Two former Redskins who made a Pro Bowl were inactive for Denver. Bailey, a Pro Bowl pick for the Redskins from 2000 to 2003, was sidelined for a second straight week with a bad left hamstring. Marco Coleman, a Pro Bowl defensive end in 1999, also was in street clothes.

“After testing [his hamstring] out, we saw that Champ couldn’t go full-speed,” Broncos coach Mike Shanahan said. “If it would have been perfect out[side], you still don’t know. It was a little tougher in these conditions.”

Helping the hosts

Denver’s victory was a win-win situation for the Broncos, who own the Redskins’ first-round choice in the 2006 draft as part of the April trade allowing Washington to draft quarterback Jason Campbell. Every Redskins loss makes the pick more valuable.

Atwater inducted

For the second consecutive road game, the Redskins were on hand for a home team’s Hall of Fame induction. On Sept.19, the Dallas Cowboys inducted quarterback Troy Aikman, running back Emmitt Smith and receiver Michael Irvin into their Ring of Honor. The Broncos inducted seven-time Pro Bowl safety Steve Atwater, who played for Denver from 1989 to 1998, into their Ring of Fame at halftime.

Short-handed secondary

Already playing without injured cornerback Walt Harris (calf) for the second straight week, the Redskins’ secondary became even more depleted when Shawn Springs aggravated a shin injury early in the game. Originally injured in practice last week, Springs did not return.

Springs’ injury left the Redskins with two healthy corners — Carlos Rogers and Ade Jimoh. In passing situations, four safeties — Sean Taylor, Ryan Clark, Matt Bowen and Pierson Prioleau — were on the field.

“We got pretty low [on numbers], but the rest of us knew we had to step up to give our team a chance to win,” said Jimoh, who was beaten for a 5-yard touchdown by Ashley Lelie in the second quarter.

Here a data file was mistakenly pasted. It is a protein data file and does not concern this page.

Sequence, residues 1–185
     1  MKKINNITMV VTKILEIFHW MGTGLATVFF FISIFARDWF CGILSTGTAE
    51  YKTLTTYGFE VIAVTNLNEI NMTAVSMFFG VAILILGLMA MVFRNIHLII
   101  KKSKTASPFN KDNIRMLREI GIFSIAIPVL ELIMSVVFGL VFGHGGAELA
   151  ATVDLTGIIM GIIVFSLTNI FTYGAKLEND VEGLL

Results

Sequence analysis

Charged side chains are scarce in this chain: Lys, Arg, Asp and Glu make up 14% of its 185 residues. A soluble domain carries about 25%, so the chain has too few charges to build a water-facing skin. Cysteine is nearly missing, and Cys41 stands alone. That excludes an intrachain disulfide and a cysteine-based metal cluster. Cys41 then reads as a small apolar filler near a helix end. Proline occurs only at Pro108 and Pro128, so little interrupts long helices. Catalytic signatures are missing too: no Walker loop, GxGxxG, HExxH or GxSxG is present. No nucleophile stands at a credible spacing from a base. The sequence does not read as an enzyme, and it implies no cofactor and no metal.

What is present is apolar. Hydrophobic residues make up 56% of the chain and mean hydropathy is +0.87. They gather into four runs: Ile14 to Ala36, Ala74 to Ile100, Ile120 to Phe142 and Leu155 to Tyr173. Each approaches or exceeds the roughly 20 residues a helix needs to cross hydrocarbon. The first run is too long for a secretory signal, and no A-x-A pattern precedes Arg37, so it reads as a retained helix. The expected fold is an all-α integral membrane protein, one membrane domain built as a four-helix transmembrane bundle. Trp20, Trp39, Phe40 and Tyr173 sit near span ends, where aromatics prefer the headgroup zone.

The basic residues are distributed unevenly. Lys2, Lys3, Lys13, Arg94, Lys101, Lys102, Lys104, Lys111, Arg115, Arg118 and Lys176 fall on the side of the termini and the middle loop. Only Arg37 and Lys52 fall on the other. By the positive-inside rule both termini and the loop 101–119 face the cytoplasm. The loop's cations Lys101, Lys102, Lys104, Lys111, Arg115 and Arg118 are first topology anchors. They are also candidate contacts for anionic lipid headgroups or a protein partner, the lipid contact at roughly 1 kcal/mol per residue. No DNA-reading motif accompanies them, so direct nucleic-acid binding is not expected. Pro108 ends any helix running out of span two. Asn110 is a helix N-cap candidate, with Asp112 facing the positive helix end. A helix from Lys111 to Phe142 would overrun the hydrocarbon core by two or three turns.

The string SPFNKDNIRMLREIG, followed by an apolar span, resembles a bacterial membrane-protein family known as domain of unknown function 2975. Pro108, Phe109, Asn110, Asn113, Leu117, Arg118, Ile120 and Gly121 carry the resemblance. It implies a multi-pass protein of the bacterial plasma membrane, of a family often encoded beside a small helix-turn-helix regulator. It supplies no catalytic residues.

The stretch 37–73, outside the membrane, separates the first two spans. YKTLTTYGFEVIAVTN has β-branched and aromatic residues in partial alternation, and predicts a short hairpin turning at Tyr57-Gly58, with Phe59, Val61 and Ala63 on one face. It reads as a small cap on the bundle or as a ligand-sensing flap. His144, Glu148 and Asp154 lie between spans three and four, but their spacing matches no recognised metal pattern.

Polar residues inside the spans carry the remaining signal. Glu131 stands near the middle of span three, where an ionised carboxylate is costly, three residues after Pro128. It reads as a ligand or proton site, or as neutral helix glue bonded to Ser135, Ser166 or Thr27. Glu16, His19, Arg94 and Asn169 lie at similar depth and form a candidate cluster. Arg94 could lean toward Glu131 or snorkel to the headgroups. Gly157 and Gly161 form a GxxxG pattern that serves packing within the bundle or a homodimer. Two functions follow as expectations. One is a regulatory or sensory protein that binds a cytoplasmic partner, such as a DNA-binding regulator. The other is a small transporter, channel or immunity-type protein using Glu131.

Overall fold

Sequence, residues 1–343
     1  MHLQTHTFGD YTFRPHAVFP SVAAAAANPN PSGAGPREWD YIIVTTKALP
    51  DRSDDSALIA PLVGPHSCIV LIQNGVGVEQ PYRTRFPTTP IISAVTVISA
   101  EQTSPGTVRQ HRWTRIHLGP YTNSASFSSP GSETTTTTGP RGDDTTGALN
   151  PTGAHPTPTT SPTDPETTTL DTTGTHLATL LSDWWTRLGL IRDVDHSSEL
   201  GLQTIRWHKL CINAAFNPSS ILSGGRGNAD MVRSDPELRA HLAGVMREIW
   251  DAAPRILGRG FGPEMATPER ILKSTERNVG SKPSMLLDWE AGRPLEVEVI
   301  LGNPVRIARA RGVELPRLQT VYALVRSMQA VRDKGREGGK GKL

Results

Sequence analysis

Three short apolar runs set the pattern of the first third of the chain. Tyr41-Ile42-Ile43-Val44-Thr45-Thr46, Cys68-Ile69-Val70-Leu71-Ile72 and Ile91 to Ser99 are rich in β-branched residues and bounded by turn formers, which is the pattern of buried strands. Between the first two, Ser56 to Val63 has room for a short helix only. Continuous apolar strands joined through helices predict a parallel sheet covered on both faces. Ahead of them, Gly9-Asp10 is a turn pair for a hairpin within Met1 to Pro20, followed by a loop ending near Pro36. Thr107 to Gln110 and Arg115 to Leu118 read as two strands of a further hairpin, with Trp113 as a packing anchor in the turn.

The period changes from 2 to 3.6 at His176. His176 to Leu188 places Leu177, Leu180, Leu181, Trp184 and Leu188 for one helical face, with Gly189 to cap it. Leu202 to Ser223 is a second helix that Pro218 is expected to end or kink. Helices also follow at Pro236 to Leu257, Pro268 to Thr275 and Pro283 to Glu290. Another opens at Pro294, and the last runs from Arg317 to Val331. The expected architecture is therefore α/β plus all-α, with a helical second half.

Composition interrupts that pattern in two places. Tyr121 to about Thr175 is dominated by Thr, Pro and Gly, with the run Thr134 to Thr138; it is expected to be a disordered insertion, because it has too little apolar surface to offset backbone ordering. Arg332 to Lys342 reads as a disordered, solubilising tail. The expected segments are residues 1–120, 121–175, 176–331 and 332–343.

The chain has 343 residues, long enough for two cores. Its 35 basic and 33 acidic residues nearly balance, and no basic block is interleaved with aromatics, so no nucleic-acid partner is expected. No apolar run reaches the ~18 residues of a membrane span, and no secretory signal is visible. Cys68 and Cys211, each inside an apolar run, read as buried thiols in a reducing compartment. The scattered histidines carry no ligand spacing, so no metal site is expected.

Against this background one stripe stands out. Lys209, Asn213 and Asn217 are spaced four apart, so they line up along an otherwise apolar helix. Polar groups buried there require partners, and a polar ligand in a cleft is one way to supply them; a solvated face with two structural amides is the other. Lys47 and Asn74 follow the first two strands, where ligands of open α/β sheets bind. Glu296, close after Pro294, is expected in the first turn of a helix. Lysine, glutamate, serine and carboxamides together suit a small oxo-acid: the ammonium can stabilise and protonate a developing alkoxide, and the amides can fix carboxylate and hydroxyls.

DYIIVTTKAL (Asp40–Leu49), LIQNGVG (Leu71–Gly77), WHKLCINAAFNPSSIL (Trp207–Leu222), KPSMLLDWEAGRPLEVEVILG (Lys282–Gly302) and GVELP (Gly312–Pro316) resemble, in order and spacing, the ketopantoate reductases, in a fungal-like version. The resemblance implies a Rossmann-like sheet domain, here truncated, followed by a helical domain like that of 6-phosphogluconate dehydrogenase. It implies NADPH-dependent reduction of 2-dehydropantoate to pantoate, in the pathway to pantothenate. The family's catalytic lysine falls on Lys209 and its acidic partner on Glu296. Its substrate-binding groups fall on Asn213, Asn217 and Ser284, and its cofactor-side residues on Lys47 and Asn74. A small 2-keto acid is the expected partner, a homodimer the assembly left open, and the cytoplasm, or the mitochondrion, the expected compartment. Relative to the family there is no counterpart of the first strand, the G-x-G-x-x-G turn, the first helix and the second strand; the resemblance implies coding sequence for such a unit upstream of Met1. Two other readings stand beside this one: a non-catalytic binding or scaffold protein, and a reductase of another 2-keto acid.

The secondary performed admirably, though — Denver quarterback Jake Plummer threw for only 92 yards (10 of 25 passing).

Clark led the Redskins with six tackles and Rogers had four.

Passing fancy

Mark Brunell attempted a career-high 53 passes against the Broncos and assistant head coach-offense Joe Bugel said the Redskins’ game plan changed early, eliminating several run plays because of what Denver was doing defensively.

“Denver’s a blitzkrieg so you have to try and make them pay when they pressure and blitz,” Bugel said. “We threw the ball downfield — we weren’t going to be stupid about that because it’s tough running into a brick wall. We came in with the thought of throwing the ball.”

The Redskins rushed 26 times for 125 yards — 103 by Clinton Portis.

Salave’a, Portis nicked

Although Springs was the only player on the Redskins’ official injury report, several players were nicked. Defensive tackle Joe Salave’a said he injured his thigh in the first half but returned and Portis sustained a stinger in the fourth quarter. He also returned.

Additionally, umpire Garth DeFelice was knocked to the ground by a group of blockers in the second half and hit his head on the turf. He returned to the game moments later.